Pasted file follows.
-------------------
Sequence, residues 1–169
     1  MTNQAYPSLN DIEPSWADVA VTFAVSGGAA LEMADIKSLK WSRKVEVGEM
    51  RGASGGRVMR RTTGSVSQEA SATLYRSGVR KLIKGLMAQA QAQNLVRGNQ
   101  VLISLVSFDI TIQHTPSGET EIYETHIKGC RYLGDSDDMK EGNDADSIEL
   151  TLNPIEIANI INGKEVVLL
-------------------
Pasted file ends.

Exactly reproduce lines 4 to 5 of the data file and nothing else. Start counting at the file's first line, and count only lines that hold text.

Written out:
   101  VLISLVSFDI TIQHTPSGET EIYETHIKGC RYLGDSDDMK EGNDADSIEL
   151  TLNPIEIANI INGKEVVLL